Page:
by Andy Brownfield
Outcry, national attention spurred removal of voter fraud displays
A Cincinnati outdoor advertising company announced Tuesday
that it will take down controversial billboards that opponents claim
are aimed at intimidating voters.
Norton Outdoor Advertising had been contracted to put up
about 30 billboards that read “Voter Fraud is a Felony!” The billboards
also listed the maximum penalty for voter fraud — up to 3 and a half years and a
Opponents of the billboards claim they were strategically
placed in predominantly low-income and black neighborhoods in Cincinnati
as a means to discourage those largely Democratic voters from going to
The billboards were funded by an anonymous “private family foundation.”
In a statement posted online, Norton Executive Vice
President Mike Norton said the displays would be taken down as soon as
possible. He wrote that the
foundation and Norton agreed after hearing criticism that the sentiment
surrounding the displays was contrary to their intended purpose.
The family foundation didn’t intend to make a political
statement, but rather make the public aware of voting regulations, he
“We look forward to helping to heal the divisiveness that has been an unfortunate result of this election year,” Norton wrote.
Norton had previously told CityBeat that the billboards were not targeted but distributed randomly throughout the city.
Several Cincinnati officials wrote to the company requesting the billboards be taken down.
ClearChannel Outdoor Advertising announced on Monday that it was removing similar billboards in Cleveland and Columbus.
The billboards throughout Ohio had garnered national criticism and media attention.
A rival outdoor advertising company is putting up 10 new billboards to rebut the voter fraud ones.
The new red, white and blue billboards will read “Hey Cincinnati, voting is a right not a crime!”
Cincinnati City Councilman P.G. Sittenfeld said in an
emailed news release that he reached out to Lamar Advertising
Company to ask if they would donate the billboards throughout
“We should be encouraging folks to participate in our
democratic process, not trying to scare them,” Sittenfeld wrote. “I
salute Lamar’s generosity and their support in encouraging citizens to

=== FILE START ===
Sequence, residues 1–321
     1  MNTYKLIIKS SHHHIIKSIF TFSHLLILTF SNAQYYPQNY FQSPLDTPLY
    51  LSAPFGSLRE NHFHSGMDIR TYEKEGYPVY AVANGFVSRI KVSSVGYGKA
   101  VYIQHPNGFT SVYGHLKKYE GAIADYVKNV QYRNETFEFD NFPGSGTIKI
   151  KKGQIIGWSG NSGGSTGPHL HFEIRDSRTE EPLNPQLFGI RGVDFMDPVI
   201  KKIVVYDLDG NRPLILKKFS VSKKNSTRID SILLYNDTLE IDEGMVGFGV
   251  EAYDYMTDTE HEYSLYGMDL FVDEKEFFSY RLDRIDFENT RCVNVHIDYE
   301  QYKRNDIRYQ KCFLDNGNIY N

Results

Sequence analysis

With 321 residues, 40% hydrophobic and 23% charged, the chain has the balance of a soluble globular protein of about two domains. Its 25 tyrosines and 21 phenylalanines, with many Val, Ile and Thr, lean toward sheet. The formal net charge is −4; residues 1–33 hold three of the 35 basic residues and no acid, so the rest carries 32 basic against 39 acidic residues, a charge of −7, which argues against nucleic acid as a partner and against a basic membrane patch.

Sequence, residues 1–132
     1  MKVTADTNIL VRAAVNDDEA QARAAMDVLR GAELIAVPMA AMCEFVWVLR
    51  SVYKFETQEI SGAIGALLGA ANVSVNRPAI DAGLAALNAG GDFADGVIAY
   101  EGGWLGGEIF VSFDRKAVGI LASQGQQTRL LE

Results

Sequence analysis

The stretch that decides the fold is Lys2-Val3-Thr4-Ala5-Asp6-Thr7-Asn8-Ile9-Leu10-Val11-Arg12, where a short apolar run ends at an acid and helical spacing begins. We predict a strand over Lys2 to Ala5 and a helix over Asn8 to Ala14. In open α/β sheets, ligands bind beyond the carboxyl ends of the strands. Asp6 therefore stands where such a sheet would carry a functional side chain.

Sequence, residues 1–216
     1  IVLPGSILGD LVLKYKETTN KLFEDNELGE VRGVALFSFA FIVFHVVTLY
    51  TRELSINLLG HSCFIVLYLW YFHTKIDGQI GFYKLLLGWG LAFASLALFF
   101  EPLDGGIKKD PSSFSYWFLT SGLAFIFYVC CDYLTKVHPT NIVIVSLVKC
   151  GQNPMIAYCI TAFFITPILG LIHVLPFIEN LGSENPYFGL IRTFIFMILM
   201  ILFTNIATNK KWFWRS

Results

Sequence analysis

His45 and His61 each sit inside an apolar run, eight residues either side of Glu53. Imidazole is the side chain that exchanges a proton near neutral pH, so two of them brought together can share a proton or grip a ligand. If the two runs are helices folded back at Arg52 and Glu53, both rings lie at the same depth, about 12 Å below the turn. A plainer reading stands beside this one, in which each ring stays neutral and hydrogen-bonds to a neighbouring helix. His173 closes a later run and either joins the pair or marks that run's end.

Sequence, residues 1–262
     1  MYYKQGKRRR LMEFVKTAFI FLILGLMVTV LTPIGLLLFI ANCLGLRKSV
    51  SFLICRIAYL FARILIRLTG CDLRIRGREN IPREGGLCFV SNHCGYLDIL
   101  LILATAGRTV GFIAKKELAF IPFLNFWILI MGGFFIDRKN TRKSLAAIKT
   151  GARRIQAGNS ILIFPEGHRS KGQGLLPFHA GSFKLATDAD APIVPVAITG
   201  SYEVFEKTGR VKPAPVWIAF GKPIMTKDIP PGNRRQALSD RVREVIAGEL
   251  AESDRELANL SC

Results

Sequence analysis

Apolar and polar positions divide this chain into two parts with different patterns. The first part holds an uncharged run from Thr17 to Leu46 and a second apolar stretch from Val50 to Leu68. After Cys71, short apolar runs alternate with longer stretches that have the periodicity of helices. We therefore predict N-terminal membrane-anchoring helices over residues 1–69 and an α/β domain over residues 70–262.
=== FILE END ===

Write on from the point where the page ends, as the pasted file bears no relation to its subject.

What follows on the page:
raise their voice and not be scared away.”
by Andy Brownfield
Rep. Reece claims "voter fraud is illegal" ads are attempt at voter intimidation
A Cincinnati-area state representative is decrying billboards throughout Ohio whose aim, she says, is voter intimidation.
Democratic Rep. Alicia Reece held a news conference Monday morning in front of a billboard that read, “Voter Fraud is a Felony!”
The billboards were paid for “by a private family
foundation,” but Reece claims in a news release that the sponsors are
essentially anonymous and the billboards are being strategically placed
in low-income and black neighborhoods.
“We are asking the Outdoor Advertising Association of Ohio
to work with the anonymous sponsors of the billboards to have them
removed immediately,” Reece wrote in a statement.
“It’s obvious that the billboards are designed to intimidate voters and leave some wondering if merely voting is now a crime.”
Mike Norton with Norton Outdoor Advertising — the company
on whose billboards the ads appear — said there are 30 such signs in the
Greater Cincinnati area.
He said the sponsor didn’t ask for any demographic
targeting and the ads are appearing in all neighborhoods wherever there
was open space.
Norton said the sponsor wished to remain anonymous and he isn’t at liberty to give out its name.
As for the anonymity of the ads sponsor, “Our company’s
stand on political advertising is we do our very best to make sure it’s
accurate and it’s not an attack ad,” Norton said. “This seemed to fall
well within the bounds of reason on both of those benchmarks.”
The billboards are not illegal, and they are considered Constitutionally protected speech.
The Brennan Center for Justice at the New York University
Law School issued a policy paper finding that cases of fraud by
individual voters are extremely rare.
The center found that in the 2004 presidential election saw a voter fraud rate of 0.00004 percent.
Cincinnati isn’t the only city to see such billboards.
They have also made appearances in Cleveland and Columbus, as well as
According to the Plain Dealer newspaper in
Cleveland, the billboards there are owned by Clear Channel Outdoor. A
company spokesman told the newspaper that Clear Channel’s policy is
usually to identify who sponsors a political ad, but in this case a
salesperson made a mistake.